Stockpiling Zero-day Exploits: The Next International Weapons Taboo

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In the current state of global affairs, a market exists for zero-day exploits where researchers, nation states, industry, academia, and criminal elements develop, buy, and sell these commodities. Whether they develop zero-days or purchase them, nation states commonly stockpile them for the future. They may then use them for purposes such as: espionage, offensive cyber operations, or deterrent effect. The immediate effect of this stockpiling though is that the exploit is not divulged to the public and is therefore not remediated. In our increasingly networked and code dependent world, this creates the potential for a cyber disaster with yet unimaginable impacts on global stability. It is therefore imperative that nation states responsibly divulge zero-day exploits through an international framework for the global good. Moving from the current state of affairs to one where responsible release of zero-day exploits is the norm will not be easy. There are many stake holders who argue that keeping stockpiles is beneficial or that this is an area that is not feasible to regulate. However, as we have seen with weapons such as nuclear, chemical, and biological weapons, it is possible to develop international regimes that prohibit the use of such weapons due to their extraordinary capabilities and impact. Alternatively, should these exploits be seen as equally pernicious as contagious diseases, nations may join together to form organizations similar to the WHO that can address international cyber issues. If a taboo against the use of zero-day exploits can be established, i.e., we make their use morally illegitimate, the security of all users will be improved.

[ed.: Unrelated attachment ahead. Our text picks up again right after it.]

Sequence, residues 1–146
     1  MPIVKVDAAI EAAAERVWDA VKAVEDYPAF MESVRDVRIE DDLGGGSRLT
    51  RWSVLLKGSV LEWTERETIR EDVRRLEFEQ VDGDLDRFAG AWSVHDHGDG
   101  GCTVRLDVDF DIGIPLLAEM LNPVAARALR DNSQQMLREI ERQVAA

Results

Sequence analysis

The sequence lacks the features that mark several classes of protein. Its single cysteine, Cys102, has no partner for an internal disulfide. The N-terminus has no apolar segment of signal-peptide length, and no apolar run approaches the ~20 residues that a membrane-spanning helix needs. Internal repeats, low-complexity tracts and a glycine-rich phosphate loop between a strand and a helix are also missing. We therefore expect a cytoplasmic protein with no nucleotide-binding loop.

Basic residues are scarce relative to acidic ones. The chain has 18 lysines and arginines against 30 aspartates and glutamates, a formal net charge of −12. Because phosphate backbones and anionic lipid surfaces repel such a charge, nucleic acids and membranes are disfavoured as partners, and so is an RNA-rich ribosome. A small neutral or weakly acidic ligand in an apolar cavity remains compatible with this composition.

Cyber Security Policy, Zero-Day Exploit, International Norms
Maxwell, Paul, "Stockpiling Zero-day Exploits: The Next International Weapons Taboo" (2018).